8 Replies to “Rainy Saturday morning?: Try out this new game …

  1. 1
    tragicmishap says:

    In my experience with games, they require intelligence. Apparently this one does not, which means pointless and boring. Although the color commentary is quite amusing.

  2. 2
    tribune7 says:

    It is absolutely brilliant!

    I love the commentary, although I don’t think I will have the patience to find out what Dawkins says when he wins.

  3. 3
    Jack Golightly says:

    I played and lost. Boy was RD mad! Called me names and stuff. Said I was stupid. I thought things would work out OK since I kept getting ID cards to get me out of fatal mutations. No luck tho’.
    Still, it was fun.

  4. 4
    Apollos says:

    I lost. I damaged my God gene, and now all my offspring are to be atheist. Dawkins was quite charming however. Charles Darwin, Bill Gates, and Carl Sagan made an appearance to cheer on Dawkins.

  5. 5
    tribune7 says:

    I like this one:

    Indeed so Carl! As I pointed out in my first edition of the Selfish Gene, human beings must have billions of genes!

  6. 6
    UrbanMysticDee says:

    There’s nothing to do but push one button over and over and I have no idea what all the charts are for. There should be some sound effects or something to make the game more interesting, or maybe you should just press the mutation button once and it runs the whole simulation and tells you the outcome right away. Or instead of having captions appear under the pictures there should be impersonated voices.

  7. 7
    tribune7 says:

    *** GAME OVER ***
    You lose! Professor Dawkins has evolved METHINKS IT IS LIKE A WEASEL

    Number of Mutations So Far = 85
    Generations = 505,952,380
    Years Elapsed = 505,952,380.95
    You started this simulation in the Cambrian

    Professor Dawkins says:
    PERFECT! I hope you are now convinced of the power of evolution


  8. 8
    SeekAndFind says:


    May I make a little comment on this game to balance the thoughts ?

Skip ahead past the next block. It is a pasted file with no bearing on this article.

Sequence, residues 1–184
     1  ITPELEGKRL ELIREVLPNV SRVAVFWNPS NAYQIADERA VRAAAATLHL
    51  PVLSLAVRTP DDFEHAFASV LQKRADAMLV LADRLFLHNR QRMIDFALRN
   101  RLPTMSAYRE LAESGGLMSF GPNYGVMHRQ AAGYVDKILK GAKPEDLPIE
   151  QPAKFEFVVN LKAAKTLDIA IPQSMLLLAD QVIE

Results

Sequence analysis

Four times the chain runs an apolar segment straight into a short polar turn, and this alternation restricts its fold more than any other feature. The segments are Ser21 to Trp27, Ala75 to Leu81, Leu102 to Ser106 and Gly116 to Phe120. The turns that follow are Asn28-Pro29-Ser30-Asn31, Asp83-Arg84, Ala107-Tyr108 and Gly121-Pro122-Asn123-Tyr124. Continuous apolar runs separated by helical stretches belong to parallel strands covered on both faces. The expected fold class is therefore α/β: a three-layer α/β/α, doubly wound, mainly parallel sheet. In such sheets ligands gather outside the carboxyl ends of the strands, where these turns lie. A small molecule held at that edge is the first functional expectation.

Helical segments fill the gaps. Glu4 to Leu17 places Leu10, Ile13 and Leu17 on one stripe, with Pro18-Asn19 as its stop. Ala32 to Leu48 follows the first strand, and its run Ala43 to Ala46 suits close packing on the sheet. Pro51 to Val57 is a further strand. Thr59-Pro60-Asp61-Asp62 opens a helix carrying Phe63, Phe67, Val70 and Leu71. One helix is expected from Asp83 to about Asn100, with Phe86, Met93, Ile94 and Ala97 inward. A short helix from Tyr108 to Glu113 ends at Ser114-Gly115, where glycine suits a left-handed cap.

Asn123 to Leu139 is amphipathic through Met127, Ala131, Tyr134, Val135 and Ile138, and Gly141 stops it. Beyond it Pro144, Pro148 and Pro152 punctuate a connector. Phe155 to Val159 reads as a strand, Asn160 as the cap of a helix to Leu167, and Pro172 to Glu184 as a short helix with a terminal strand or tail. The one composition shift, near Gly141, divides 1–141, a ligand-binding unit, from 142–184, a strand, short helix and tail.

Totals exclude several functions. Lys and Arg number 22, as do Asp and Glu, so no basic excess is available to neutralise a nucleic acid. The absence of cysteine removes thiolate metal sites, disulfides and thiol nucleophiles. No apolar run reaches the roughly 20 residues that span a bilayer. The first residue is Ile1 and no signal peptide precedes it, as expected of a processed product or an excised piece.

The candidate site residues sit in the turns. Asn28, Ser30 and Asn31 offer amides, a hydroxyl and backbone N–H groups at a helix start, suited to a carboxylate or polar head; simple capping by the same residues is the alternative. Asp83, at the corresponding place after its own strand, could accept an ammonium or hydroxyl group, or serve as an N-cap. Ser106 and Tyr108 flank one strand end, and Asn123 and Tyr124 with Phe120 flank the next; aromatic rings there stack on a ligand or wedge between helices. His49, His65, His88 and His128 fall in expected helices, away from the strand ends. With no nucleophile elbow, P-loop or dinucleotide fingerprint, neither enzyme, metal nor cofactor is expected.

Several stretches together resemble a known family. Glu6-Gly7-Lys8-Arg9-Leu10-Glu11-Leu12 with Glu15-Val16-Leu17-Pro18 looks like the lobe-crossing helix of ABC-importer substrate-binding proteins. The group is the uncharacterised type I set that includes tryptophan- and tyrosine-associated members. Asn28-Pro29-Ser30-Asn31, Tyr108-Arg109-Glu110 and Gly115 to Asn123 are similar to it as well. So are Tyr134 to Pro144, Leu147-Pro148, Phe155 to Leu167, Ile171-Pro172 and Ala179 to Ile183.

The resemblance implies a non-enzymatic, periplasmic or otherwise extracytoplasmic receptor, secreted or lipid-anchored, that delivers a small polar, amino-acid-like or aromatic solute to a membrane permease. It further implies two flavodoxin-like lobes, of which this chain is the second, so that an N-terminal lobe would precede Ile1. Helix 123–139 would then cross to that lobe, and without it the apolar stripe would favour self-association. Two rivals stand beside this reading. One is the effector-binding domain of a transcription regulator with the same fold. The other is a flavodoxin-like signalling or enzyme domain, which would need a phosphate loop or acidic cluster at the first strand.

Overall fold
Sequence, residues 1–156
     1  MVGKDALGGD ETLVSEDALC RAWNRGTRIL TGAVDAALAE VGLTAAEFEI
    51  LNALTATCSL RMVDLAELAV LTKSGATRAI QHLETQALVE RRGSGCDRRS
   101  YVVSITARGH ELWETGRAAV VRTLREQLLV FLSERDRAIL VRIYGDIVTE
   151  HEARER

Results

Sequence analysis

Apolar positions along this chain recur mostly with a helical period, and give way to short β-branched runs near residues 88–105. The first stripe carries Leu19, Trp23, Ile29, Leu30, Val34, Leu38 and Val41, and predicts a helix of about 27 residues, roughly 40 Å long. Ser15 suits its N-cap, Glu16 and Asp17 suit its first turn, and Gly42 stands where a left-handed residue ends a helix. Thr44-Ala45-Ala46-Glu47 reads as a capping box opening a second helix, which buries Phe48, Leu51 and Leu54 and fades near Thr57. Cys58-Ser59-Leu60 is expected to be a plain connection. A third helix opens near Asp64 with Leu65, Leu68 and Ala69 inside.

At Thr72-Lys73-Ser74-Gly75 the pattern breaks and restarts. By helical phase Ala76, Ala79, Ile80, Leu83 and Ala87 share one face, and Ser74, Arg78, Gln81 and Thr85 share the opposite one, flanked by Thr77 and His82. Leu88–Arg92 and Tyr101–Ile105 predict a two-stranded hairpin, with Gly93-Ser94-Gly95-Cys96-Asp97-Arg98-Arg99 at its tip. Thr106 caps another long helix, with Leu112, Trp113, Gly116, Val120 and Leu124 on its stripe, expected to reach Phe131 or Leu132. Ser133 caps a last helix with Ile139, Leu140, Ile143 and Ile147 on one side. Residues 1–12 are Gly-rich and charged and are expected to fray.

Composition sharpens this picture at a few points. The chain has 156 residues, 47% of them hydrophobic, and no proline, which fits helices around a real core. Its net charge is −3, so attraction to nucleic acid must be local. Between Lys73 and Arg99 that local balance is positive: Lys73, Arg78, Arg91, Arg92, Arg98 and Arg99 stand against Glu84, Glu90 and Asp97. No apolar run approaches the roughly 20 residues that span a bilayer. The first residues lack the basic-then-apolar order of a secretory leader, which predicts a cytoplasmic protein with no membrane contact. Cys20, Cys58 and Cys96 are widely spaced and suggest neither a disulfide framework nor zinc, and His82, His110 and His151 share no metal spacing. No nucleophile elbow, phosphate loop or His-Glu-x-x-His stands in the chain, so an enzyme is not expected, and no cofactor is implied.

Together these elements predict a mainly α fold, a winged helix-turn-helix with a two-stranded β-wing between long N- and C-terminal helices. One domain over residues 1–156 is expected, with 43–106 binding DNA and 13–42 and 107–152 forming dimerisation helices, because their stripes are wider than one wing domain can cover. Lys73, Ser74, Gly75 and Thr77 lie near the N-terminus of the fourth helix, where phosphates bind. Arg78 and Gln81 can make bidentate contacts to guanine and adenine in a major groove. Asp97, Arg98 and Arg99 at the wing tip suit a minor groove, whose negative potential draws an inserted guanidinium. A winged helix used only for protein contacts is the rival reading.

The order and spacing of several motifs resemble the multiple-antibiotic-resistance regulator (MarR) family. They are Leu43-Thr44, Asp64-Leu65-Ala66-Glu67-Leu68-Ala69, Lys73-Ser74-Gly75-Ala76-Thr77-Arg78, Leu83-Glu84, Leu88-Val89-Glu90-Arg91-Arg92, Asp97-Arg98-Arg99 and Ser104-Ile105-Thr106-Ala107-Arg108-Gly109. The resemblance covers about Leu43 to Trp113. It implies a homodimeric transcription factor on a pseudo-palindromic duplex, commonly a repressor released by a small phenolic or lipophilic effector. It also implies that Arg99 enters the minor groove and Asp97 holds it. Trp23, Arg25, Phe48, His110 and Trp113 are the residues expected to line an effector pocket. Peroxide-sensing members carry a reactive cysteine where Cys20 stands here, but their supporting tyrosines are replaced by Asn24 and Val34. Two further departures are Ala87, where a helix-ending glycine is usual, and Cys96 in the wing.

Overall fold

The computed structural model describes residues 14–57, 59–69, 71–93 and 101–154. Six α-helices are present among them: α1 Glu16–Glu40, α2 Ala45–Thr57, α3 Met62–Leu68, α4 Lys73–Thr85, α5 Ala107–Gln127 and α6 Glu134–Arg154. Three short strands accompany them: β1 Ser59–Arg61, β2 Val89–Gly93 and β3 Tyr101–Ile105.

Here is the (main) “gotcha” Mr Chisholm is putting into his “game” — at each new generation of the game, the *one* “genome” consisting of two codons gives rise to *one* new “offspring” genome, with a rare but possible mutation.

    Correct me if I’m wrong, but there aren’t a lot of populations in the real world that have a population size of ONE individual in the whole world, total, generation after generation for millions of years…

    So Given that scenario, it’s true that evolutionary change will be PAINFULLY SLOW.

    But this does not look like an accurate model of what happens in the real world. In the real world, populations typically consist of millions, billions, trillions, even quadrillions of individuals. There are a VAST number of any particular kind of bacteria around.

    In a REAL WORLD scenario, any particular point mutation (even any particular *pair* of point mutations) happen on a very regular basis, *somewhere* in the population consisting of a vast number of individual organisms, each giving rise to multiple offspring, each of which is a new chance for a new mutation to achieve a particular basepair combination.

    Given the mutation rates used in this “game”, it won’t take “5,952,380 generations” for each new point mutation to occur (as the game asserts near the top when you take the first step), in the *real* world it will occur almost inevitably in *EVERY* single generation in any population of over a few million organisms.I really need to remind you how many, for example, herring there are in the oceans? Hint: It’s a lot more than “one”.

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